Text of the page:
Kivirähk Tops Estonian Bestsellers List ({{commentsTotal}})

Andrus Kivirähk Source: Photo: Postimees/Scanpix
Culture
Culture

Today, the Estonian Publishers' Association revealed last year's 100 best-selling book titles, with a novel by Andrus Kivirähk topping the list.

Kivirähk's "Maailma otsas. Pildikesi heade inimeste elust“ (At the End of the World. Pictures from the Lives of Good People) dominated both the general and fiction lists with 8,327 copies sold, kultuur.err.ee reported.

Estonian authors dominated the biography and children's literature categories, while Sofi Oksanen's novel “Kui tuvid kadusid” (When the Doves Disappeared) was the best-selling e-book of 2013. The print version of the same novel was number one in 2012.

The books of the top 100 will be exhibited at the National Library, which also is also hosting an exhibition of the Publishers' Association's 25 best-designed books on its sixth floor.

Compared with 2012, there have been changes in the bestsellers list of print books: the share of Estonian authors has increased significantly and fiction has also had a slight increase.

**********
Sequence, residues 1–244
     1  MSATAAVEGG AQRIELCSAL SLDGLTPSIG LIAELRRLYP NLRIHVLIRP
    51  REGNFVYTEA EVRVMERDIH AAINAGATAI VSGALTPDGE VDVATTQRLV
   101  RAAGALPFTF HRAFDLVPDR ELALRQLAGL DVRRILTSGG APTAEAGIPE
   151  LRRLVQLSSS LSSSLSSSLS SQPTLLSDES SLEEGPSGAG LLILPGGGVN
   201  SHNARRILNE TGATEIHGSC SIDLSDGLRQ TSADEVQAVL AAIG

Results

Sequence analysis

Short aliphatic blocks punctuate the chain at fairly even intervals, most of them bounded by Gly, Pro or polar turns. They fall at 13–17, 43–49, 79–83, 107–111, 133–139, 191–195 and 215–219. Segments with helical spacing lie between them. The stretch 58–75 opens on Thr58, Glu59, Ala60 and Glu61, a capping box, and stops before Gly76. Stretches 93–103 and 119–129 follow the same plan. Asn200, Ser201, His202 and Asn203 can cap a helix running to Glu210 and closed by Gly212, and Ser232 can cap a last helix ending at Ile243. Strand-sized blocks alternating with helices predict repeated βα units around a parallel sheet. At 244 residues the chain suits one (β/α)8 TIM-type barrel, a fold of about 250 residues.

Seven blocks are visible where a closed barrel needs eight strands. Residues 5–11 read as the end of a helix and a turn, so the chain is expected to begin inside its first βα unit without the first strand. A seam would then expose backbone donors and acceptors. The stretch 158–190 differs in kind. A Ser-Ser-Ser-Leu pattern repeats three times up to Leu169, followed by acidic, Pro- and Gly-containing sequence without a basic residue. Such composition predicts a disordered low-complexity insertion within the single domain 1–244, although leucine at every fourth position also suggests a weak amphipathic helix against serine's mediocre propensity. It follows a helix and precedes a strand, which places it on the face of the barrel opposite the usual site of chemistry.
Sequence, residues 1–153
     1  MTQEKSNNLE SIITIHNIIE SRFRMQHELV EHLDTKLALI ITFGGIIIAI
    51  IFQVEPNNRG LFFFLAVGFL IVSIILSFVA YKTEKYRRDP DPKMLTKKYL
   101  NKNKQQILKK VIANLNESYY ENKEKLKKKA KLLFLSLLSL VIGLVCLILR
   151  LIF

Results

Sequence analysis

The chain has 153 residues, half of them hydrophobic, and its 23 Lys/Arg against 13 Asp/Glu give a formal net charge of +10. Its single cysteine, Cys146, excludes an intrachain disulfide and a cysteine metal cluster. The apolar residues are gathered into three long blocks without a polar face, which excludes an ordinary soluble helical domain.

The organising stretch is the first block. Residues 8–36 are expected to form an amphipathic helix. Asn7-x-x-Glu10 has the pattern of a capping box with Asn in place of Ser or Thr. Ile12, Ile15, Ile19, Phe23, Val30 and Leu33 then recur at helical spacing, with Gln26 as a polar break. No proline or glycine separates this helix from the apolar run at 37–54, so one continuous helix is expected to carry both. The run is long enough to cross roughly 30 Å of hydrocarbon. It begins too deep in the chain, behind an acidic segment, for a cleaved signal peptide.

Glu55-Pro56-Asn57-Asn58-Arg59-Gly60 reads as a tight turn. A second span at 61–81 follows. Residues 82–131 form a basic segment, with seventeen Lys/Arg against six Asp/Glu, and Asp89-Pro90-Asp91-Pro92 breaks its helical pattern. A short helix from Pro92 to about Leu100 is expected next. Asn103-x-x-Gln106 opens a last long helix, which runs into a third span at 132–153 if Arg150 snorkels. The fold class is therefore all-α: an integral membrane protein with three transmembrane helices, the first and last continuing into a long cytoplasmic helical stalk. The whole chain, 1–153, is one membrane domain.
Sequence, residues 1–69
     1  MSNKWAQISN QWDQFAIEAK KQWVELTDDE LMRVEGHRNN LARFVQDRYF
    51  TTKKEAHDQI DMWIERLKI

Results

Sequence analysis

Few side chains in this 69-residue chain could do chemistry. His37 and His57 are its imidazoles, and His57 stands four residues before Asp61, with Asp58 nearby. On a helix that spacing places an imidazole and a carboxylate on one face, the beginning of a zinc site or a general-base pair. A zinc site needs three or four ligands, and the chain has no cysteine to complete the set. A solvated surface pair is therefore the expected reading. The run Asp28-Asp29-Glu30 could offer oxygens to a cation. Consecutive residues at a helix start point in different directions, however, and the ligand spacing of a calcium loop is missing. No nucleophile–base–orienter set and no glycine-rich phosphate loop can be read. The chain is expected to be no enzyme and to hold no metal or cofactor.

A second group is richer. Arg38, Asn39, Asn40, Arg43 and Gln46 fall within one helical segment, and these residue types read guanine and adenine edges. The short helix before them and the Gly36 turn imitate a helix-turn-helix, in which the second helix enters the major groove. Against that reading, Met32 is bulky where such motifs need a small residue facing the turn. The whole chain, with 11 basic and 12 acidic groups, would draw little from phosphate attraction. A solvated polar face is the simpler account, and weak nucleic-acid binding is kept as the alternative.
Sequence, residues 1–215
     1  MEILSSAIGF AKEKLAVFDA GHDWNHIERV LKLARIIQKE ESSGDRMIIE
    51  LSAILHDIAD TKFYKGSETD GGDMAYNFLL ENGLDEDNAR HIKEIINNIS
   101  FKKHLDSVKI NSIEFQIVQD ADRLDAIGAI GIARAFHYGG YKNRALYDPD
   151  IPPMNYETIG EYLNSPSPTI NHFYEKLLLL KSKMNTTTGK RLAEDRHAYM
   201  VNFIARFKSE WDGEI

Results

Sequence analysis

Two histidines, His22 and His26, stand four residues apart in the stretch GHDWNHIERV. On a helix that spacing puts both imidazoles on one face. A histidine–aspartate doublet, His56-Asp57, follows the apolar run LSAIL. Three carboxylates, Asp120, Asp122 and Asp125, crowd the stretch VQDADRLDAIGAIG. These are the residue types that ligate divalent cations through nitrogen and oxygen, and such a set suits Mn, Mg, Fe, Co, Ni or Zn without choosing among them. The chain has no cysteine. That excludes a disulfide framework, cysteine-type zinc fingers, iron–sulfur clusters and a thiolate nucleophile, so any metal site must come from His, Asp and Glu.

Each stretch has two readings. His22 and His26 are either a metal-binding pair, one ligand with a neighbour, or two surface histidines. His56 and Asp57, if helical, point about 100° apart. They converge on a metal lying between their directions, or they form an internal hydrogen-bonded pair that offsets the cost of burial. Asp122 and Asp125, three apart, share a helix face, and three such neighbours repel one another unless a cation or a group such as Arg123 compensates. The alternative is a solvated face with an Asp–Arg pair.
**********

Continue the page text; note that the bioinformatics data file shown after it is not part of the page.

The consumption of e-books has nearly doubled, with fiction and foreign-authored works the most popular among them, the head of the publishers' association Kaidi Urmet said. In 2012, e-book sales made up less than 1 percent of the market.

The Publishers’ Association was founded in 1991 and its current 29 members include most the country's major publishers.



{{c.alias}}
{{c.createdMoment}}
{{c.body}}
{{cc.alias}}
{{cc.createdMoment}}
+{{cc.replyToName}} {{cc.body}}
No comments yet.
Logged in as {{user.alias}}. Log out
Login failed

Register user/reset password

Name needs to be fewer than 32 characters long
Comment needs to be fewer than 600 characters long
{{comment.captcha.word.answer}}

news.err.ee

Opinion
Independence Day: Estonia’s way into the future isn’t a race

There is a lack of connection between the Estonian state, and the people who live here. While it expects a lot of the state, Estonian society doesn’t seem ready to contribute, writes Viktor Trasberg.

Lotman: Security academy would be crucial Estonian identity point in Narva

In an opinion piece published by Eesti Päevaleht, Tallinn University professor Mihhail Lotman found it important to overcome the mental barrier separating Ida-Viru County from the rest of Estonia.